When we moved into Chestnut Cottage in 1992, we kept the heavy black plastic and metal rotary telephone, with its sonorous bell ring, as a reminder of the historical and the material—the analog. Don’t get me wrong, the digital has made me delirious with delight in its efficiencies. How many things I could not have written without those ephemeral letters and words, which even now I see, as I type, promise to be printed in hard copy. But I always feel that they are not my words, real words, until I print them out on paper and hold them in hand, fully incarnated. When they occupy space, when the slow swirl of the clock hands tell me time, I know that I am located in my embodied life. But with every screen I feel absorbed into a disembodied world, so unlike the world of resurrection in which I live and hope. I know what you’re thinking, “He hates technology.” No, I only fear its unintended consequences—its powerful allure to unreality and even idolatry. And it’s not just a digital temptation; it is a technological one—the work of men’s hands.

This is why I think cremation tells the wrong story, one of ephemeral efficiency, like the digital letters I hammer out on keys. Not that I would condemn those who prefer ashes that the wind floats away to flesh lowered into earth. This is a wisdom decision. I am just reflecting on the possible perils of efficiency, which is one of the main goals and benefits of electricity; we assume that efficiency is always good. It often turns out to be an autonomous ploy—worshipping the creation rather than the Creator.

Escape into virtual images that lack analog substance is borne out of fear of the realities of space and time, time that robs us of all sense of permanence and personal presence. The virtual inebriates us into the illusion of endless and perfect life—controllable—without need of redemption. In real life there is no such escape—so I understand the allure of that insubstantial dream. In this world, this rock-hard world, I must face my mortality, and the mess that Adam’s disobedience has wreaked. The imagery of screens ill prepares me to be buried. And where will this leave me if I am not ready to breathe that last breath? In a dark shadow from which there is no exit. No wonder sociologist of technology Sherry Turkle laments the preference of so many for virtual reality (VR) instead of real life (RL). Her latest book’s title says this well: Alone Together: Why We Expect More from Technology and Less from Each Other (Basic, 2011).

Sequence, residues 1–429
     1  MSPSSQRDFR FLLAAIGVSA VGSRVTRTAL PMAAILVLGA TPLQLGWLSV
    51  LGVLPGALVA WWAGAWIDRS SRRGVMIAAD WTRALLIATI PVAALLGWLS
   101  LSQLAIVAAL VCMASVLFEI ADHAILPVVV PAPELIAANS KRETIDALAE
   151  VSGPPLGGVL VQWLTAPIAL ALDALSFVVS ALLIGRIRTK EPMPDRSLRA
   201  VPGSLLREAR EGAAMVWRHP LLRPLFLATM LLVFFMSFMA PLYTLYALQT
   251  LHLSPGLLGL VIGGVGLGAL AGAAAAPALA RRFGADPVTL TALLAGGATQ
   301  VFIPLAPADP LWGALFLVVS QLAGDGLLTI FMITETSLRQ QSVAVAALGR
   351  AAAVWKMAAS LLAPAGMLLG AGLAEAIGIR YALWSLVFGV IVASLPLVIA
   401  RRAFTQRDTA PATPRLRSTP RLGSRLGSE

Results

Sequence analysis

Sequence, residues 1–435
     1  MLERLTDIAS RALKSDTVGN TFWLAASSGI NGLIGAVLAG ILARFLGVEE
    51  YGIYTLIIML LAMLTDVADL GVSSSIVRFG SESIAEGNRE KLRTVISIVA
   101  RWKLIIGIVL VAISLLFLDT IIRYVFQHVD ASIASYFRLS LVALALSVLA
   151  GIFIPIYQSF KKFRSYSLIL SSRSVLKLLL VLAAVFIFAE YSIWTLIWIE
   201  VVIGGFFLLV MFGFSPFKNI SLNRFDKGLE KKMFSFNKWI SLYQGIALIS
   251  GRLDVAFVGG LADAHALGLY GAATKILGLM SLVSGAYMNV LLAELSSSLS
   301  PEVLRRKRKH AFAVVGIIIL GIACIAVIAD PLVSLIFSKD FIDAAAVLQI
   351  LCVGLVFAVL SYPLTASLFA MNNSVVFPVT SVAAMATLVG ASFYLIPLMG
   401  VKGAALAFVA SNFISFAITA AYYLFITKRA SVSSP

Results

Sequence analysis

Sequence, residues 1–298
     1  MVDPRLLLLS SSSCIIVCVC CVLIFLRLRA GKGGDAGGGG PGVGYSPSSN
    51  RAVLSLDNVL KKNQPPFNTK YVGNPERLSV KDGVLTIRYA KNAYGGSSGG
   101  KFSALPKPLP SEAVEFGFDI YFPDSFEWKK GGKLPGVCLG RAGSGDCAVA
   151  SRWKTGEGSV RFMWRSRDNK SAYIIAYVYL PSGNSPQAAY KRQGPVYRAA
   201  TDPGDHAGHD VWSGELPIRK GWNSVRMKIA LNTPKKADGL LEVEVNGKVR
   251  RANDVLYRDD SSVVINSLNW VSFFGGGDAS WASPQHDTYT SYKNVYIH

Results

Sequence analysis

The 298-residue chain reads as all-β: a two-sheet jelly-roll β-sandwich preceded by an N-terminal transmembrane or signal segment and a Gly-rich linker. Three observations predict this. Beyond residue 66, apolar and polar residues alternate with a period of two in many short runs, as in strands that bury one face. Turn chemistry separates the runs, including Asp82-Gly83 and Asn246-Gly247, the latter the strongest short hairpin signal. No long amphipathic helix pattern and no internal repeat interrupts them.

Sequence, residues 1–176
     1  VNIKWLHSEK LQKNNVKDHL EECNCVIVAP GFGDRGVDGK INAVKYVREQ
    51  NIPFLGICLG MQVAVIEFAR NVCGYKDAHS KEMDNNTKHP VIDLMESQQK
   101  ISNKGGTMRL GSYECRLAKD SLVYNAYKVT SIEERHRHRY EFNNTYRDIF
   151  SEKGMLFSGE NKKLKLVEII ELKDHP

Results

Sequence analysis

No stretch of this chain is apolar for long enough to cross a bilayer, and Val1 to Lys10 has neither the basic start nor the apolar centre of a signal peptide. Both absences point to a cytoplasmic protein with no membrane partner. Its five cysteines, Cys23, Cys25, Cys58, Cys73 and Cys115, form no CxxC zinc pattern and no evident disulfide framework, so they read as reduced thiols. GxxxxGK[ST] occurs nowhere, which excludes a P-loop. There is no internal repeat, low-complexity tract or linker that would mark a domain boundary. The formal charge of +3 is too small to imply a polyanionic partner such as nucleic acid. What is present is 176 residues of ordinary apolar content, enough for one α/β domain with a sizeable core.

The analog, as the lexicon reminds me, is itself an analogy of something else, something greater than the present world. God’s “invisible attributes, namely, his eternal power and divine nature, have been clearly perceived, ever since the creation of the world, in the things that have been made. So they are without excuse” (Rom. 1:20). If I am seduced to ignore this analogy, how will I be moved to seek my Creator and Redeemer? The analog world is hard-edged since Adam’s fall, and so, because of our native sinfulness, it invites us to seek a digital escape. But it also invites us, with its combination of beauty and distress, to long for a better world, with memories of Eden embedded in it. The blossoming promises of spring make us long in the shroud of fall leaves for a flower that will not fade. A gravestone on Horse Corner Road in Chichester, New Hampshire, says it well:

Hope looks beyond the bounds of time
When what we now deplore
Will rise in full immortal prime
And bloom to fade no more.

So I cherish my analog world, not in itself, but for its prodding realism. “That at least, if goodness lead him not, yet weariness may toss him to my breast” (George Herbert, “The Pulley”). This is why God has withheld ultimate rest, his greatest treasure, from us all in this present existence. Weariness is built into God’s world so that we will not adore his gifts instead of him. We must not rest in the nature that he has given, but must love him above all and find our happiness in his glory. The analog world beckons us to this glorious end. We mustn’t let virtual reality rob us of this hope.

So in this new year rub shoulders with the members of your church, email a distant friend, or better yet, write a letter that incarnates your care, and maybe take up skiing or racket ball. Don’t seek some imaginary safe space, but rather seek the only true safe place in the universe: “He who dwells in the shelter of the Most High will abide in the shadow of the Almighty. I will say to the LORD, ‘My refuge and my fortress, my God, in whom I trust’ ” (Ps. 91:1–2). He will enable you to face the challenges of the new year.

Gregory E. Reynolds serves as the pastor of Amoskeag Presbyterian Church (OPC) in Manchester, New Hampshire, and is the editor of Ordained Servant. Ordained Servant Online, January 2017.

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Editorial address: Dr. Gregory Edward Reynolds,
827 Chestnut St.
Manchester, NH 03104-2522
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Ordained Servant: January 2017

Union with Christ

Also in this issue

Union with Christ and Reformed Orthodoxy: Calvin vs. the Calvinists?

Reformed Confessions: Zwingli’s Sixty-Seven Articles (1523)

Geerhardus Vos: Reformed Biblical-Theological Beginnings

Presbyterians and the American Mainstream

The Tragedy of U.S. Foreign Policy by Walter A. McDougall: A Review Article

Synopsis of a Purer Theology by Walaeus et al., ed. Roelf T. te Velde

Old and New Year Ditties

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